Despite Rishi Sunak’s support for domestic violence programmes, an extension to the SDLT holiday and a boost for legal services innovators, the budget had little to say about justice
Leaders of the legal profession were quick to point out one gap in chancellor Rishi Sunak’s ‘spend now, tax later’ budget: the justice system. The 107-page ‘Red Book’ contains one paragraph on justice: ‘The government has provided £450m in 2020-21 to support the justice system in England and Wales, including funding to ensure safety in prisons and courts and funding to reduce backlogs in the Crown court caused by Covid-19.’
‘We are disappointed,’ Law Society president David Greene said. ‘We urge the government to invest further in the justice system, to ensure the public can access the justice process for the issues facing them during and following the Covid-19 pandemic.’
'We urge the government to invest further in the justice system, to ensure the public can access the justice process for the issues facing them during and following the Covid-19 pandemic'
David Greene, Law Society
Bar chair Derek Sweeting QC, meanwhile, accused the chancellor of turning a blind eye to law and order.
However, the budget did contain some good news. An extra £19m for domestic violence programmes to reduce the risk of reoffending was widely welcomed.
The Society was also pleased by the much expected announcement of an extension to the stamp duty land tax holiday to 30 June. A three-month tapered transition period from 1 July ‘will give the property market a chance to maintain momentum’, said Charley Lowe, an associate at London firm Wedlake Bell. Elizabeth Bradley, global head of tax at Bryan Cave Leighton Paisner, said: ‘There will be a huge sigh of relief for those already on track to buy their property as this should avoid a difficult conversation about who was otherwise going to bear the stamp duty cost if they had missed the completion deadline of 31 March.’
Michael Wistow, global head of tax at McCarthy Denning, said: ‘Governments keep forgetting that reducing tax rates will often raise more revenue as transactions increase – the stamp duty holiday is a case in point. It should be made permanent.’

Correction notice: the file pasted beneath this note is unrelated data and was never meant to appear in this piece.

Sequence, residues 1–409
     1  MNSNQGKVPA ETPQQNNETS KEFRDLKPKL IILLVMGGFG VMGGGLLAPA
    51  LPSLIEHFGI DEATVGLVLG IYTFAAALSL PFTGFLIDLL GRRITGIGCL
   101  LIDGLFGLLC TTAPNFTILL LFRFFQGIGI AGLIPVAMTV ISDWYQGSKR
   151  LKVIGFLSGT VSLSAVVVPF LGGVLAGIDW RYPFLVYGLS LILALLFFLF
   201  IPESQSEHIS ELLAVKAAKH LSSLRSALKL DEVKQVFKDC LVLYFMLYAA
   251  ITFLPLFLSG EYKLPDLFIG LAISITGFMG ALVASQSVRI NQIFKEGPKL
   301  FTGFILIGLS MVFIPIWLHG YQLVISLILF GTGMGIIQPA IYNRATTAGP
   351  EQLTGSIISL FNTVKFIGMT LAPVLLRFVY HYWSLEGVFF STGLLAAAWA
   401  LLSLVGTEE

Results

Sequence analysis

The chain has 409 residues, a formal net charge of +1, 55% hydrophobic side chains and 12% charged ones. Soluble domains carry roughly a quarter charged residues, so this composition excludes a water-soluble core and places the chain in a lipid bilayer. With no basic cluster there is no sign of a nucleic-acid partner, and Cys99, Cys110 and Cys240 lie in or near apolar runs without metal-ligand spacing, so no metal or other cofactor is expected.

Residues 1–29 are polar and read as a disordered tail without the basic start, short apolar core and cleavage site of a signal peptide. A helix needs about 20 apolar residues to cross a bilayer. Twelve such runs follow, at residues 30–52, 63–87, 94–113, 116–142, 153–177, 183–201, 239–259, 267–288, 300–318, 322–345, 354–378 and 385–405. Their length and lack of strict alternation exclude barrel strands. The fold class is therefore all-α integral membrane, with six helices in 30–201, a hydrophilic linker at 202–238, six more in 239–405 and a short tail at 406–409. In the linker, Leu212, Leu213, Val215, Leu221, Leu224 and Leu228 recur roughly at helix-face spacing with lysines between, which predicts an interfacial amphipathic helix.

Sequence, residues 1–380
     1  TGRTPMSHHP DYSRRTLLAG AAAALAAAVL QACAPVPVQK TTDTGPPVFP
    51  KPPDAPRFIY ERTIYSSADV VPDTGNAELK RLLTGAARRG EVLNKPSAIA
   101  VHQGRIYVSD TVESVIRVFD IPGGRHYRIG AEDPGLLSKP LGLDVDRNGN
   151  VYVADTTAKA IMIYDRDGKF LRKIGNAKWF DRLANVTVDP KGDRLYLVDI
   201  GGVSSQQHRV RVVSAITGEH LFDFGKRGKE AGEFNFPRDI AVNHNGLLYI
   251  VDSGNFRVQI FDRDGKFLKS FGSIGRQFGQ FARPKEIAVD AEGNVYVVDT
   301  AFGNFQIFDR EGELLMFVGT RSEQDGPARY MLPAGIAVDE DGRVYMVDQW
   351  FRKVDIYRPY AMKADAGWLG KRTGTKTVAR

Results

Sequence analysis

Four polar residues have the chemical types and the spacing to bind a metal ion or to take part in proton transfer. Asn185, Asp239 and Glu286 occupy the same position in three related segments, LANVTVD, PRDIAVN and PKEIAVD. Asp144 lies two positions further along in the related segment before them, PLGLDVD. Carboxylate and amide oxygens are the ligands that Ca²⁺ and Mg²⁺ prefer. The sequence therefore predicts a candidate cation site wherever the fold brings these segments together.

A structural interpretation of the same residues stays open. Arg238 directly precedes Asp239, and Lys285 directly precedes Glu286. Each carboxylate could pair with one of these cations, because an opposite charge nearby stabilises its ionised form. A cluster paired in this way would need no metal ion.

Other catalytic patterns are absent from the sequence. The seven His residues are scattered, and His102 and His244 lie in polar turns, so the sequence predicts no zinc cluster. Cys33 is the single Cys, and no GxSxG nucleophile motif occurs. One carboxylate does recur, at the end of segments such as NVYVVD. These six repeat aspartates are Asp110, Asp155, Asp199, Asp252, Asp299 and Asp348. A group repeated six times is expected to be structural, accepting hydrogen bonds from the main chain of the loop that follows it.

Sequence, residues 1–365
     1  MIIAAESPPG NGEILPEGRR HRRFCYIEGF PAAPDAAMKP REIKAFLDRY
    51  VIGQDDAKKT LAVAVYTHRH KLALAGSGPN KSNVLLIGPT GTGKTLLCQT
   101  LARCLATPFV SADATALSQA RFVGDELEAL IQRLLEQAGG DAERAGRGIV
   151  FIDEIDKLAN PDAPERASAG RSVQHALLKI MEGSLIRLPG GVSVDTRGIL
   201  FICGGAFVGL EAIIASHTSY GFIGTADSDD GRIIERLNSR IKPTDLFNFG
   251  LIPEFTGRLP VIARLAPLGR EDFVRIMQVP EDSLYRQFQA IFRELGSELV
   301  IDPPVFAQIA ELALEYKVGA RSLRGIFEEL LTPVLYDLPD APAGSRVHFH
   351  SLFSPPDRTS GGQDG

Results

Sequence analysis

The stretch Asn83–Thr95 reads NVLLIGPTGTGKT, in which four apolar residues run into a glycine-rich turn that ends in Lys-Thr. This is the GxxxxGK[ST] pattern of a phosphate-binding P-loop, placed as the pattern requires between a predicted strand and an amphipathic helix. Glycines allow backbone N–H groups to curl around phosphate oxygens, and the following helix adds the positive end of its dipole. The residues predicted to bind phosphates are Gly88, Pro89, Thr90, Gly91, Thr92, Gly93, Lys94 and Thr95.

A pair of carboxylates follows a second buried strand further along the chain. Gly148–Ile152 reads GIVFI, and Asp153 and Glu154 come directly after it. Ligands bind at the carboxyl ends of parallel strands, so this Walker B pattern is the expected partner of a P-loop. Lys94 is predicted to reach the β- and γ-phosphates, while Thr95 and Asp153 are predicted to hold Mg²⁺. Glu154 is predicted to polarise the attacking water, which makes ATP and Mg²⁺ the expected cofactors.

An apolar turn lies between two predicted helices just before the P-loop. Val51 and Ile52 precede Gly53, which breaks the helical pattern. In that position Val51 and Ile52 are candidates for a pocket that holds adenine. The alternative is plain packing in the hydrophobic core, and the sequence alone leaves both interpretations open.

This argument could also be made about the chancellor’s headline tax-rise, the six percentage point increase in corporation tax for larger companies, from 2023. According to the SRA’s regulated population statistics, more than 5,000 law firms are incorporated companies.
On another front of the battle to rescue the public finances, the chancellor heralded new proposals for tackling ‘promoters of tax avoidance’. These came in a response to a Treasury consultation last year. Proposed changes include tougher disclosure rules, requiring information about schemes to be provided to the authorities at an earlier stage of inquiries. ‘This would be achieved through a proposed new information power, which would require the provision of all documents and information that relate to the arrangements or proposed arrangements in question.’
The government will consult on the implementation of OECD rules to combat offshore tax evasion by facilitating global exchange of information on cross-border tax arrangements.
Reform aimed at making the penalty regime for VAT and income tax self-assessment fairer and more consistent was widely expected. A new points-based regime will impose a financial penalty only when the relevant threshold is reached. Interest charges on late VAT payments will be aligned with other tax regimes.
Rupert Shiers, head of tax disputes at international firm Hogan Lovells, described the predicted yield as surprisingly high. ‘The detail will be interesting,’ he added.
There were also a couple of announcements of interest to legal services innovators. The UK Listings Review, carried out by Lord Hill of Oareford (Jonathan Hill, the UK’s last EU commissioner), proposed reforms to make a London Stock Exchange listing more attractive to entrepreneurs. These include allowing dual class share structures in the main market, to give company founders enhanced voting rights on certain decisions.
Another was the publication of the Kalifa review of the so-called fintech sector, which made recommendations on the regulation of artificial intelligence and crypto-assets in its call for a ‘comprehensive fintech strategy’. Greene noted the strong overlap with the lawtech sector: ‘Growth of one is dependent on the success and growth of the other.’
Meanwhile, the temporary increase in capital allowances announced by the chancellor may encourage more legal businesses to invest in technology.
The sector’s expected 5-6% growth this year should be enough to ensure that at least this aspect of the justice system catches the chancellor’s eye.